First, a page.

A shear that is 5 to 6 inches long is what we refer to when we say "short shears." One excellent method for determining whether or not your short shears are the appropriate length is to measure the length of the cutting blade against the second knuckle of the middle finger on your dominant hand. This is due to the fact that cutting palm to palm and in hand works best with a shorter pair of shears. When executing a cut that needs more precise areas to operate, such as a graded haircut or bob, you may work easily with a short shear since it gives you more leverage. In addition to that, it works well for overhand layer cutting techniques that need rapid point cuts. In both of these procedures, it is easy to cut oneself; thus, it is helpful to have a shorter shear in these areas, as it will allow you to work more quickly and effectively, as well as save you from having to make an embarrassing trip to the supply closet to acquire a band-aid. A short shear is useful for most detail work and any location where you want to get up close to the job you are doing, such as regions like the neck in a short women's cut or around the ears in a short men's cut. In addition to this, though, a short shear is useful for cutting very short hair.
Saki Shears carries a variety of short hair shears that range in size from 5.5" to 6.0". Some of our most popular models of short hair shears include:
- Saki Kohana - Pink hair shears with a convex blade.
- Saki Katana - Black hair cutting shears with a black titanium finish.
- Saki Odachi - Zero-offset hair scissors crafted from 440C Japanese Steel.
- Saki Natsukashii Rose Gold - Titanium gold finish on these ergonomically designed hair cutting shears.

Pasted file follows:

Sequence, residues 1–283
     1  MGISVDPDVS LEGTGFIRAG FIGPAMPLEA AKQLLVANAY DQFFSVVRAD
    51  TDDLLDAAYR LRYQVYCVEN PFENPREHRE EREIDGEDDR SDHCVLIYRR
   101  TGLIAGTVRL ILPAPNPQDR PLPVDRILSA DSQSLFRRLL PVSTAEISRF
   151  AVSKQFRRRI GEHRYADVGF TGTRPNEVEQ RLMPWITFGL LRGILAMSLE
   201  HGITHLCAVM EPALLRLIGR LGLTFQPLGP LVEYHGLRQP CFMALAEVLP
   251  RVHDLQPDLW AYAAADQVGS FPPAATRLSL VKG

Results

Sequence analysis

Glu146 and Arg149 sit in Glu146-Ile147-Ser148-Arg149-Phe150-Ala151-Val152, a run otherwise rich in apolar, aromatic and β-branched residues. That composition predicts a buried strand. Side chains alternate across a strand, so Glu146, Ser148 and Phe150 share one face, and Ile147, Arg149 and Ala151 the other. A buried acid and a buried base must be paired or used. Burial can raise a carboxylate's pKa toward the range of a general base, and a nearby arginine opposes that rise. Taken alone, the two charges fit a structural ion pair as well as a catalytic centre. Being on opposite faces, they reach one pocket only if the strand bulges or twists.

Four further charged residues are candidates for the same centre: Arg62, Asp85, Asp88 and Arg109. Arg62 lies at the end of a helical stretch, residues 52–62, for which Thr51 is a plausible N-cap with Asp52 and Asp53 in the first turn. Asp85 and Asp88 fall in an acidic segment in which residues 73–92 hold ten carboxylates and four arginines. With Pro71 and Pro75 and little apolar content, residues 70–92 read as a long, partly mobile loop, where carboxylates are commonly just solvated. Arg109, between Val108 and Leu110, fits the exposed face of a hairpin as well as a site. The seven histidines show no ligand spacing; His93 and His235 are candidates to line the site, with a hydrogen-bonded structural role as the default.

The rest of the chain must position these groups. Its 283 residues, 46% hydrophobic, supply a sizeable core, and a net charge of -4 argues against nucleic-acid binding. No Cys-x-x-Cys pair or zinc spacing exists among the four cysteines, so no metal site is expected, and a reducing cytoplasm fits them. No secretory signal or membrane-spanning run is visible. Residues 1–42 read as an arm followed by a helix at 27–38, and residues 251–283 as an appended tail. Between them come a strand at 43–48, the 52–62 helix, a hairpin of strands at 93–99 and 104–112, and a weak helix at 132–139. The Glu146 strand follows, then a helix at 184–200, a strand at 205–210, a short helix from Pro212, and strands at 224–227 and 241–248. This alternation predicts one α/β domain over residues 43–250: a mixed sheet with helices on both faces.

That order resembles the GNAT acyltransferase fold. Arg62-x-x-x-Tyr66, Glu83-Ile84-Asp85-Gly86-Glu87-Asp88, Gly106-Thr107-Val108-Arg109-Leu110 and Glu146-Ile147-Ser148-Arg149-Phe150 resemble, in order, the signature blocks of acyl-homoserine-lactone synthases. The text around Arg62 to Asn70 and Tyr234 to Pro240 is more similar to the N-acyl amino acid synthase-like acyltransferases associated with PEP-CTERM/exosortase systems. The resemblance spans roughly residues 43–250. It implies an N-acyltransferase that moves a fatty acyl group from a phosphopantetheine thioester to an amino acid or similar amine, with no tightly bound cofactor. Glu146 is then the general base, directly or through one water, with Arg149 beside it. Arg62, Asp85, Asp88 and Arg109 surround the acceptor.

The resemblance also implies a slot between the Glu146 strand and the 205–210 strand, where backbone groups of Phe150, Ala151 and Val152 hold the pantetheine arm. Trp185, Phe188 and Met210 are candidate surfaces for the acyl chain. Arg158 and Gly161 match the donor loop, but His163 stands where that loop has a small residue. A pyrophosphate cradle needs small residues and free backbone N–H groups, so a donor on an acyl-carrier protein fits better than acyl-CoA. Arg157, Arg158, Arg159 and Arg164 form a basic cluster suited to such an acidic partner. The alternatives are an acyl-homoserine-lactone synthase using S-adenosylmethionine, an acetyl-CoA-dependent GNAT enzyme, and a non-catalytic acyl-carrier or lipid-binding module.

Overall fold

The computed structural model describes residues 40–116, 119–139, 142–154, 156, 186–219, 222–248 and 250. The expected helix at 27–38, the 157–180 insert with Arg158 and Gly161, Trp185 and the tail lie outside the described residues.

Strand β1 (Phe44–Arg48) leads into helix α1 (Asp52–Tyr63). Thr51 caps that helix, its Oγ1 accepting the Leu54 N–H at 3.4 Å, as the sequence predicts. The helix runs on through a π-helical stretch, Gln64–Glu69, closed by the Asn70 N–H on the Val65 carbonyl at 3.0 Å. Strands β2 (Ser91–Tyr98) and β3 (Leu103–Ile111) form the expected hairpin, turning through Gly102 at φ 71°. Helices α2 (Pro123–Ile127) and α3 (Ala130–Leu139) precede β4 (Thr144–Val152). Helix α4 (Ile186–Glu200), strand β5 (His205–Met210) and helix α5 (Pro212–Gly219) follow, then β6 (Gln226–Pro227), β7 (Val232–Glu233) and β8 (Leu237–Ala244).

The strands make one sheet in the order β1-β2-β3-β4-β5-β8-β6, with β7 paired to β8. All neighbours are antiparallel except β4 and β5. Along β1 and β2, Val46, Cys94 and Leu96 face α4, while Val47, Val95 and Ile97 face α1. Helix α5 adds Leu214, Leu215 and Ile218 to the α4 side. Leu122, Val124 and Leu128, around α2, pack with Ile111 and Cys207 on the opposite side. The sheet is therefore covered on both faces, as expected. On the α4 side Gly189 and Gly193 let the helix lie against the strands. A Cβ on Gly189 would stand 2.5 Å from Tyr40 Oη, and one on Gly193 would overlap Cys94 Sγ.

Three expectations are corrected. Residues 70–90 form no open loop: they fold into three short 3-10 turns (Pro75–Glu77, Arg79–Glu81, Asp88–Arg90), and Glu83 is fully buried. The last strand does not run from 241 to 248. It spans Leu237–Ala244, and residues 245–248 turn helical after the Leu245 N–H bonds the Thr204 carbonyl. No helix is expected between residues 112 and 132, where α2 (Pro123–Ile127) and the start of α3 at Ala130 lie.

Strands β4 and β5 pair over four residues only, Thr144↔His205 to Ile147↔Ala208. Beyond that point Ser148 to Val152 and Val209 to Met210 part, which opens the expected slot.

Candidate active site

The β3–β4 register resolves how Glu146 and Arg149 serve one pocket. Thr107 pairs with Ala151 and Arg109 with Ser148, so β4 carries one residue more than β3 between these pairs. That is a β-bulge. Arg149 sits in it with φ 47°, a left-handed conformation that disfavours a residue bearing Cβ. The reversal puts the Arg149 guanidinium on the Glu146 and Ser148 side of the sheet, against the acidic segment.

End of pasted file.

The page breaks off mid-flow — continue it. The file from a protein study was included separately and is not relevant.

- Kodachi Damascus - Beautiful Damascus Steel hair cutting shears. The layered Damascus steel is mesmerizing.
- Dotanuki Damascus - Who said Damascus steel shears couldn't be affordable?
How do you know which length shear is most suited for you?
Because one kind of shear provides you with significant benefits over the other, the majority of hairstylists agree that you should try to get both of them if at all feasible. The vast majority of hairstylists own more than one pair of cutting shears. This allows them to be prepared in the event that they lose one of their shears or that it becomes dull and requires sharpening. The primary shear and the backup shear for this company are typically the same length most of the time. Consequently, an excellent place to begin is by purchasing a pair of shears of a different length the next time you need to replace either your primary or secondary pair of shears. If you have two shears, each of which may serve a role in making you a quicker and more effective stylist, rather of having one shear that is only utilized in situations in which you need to have the other shear mended, you will have two shears. In a time crunch, you may do all of your methods with either the short or the long shear while the other is being attended to.
If you are still of the opinion that you only need one length of shear for all of your cutting needs, you should consider the kinds of haircuts you give yourself to determine which shear is the one that is truly the most appropriate for you to utilize. You might have started out in school with a 5.5" shear, but now that you find that you cut mostly long layers and one-length bobs, you should think about making the switch to a 6 or 6.5 as it will give you a better result with the types of cuts you're doing. You might have started out with a 5.5" shear when you were in school, but now that you find that you cut mostly long layers and one-length bobs, you should Or, if you perform a lot of detailed work with tight graduations and have trouble achieving the cut you want occasionally, a short shear can be the best option for you.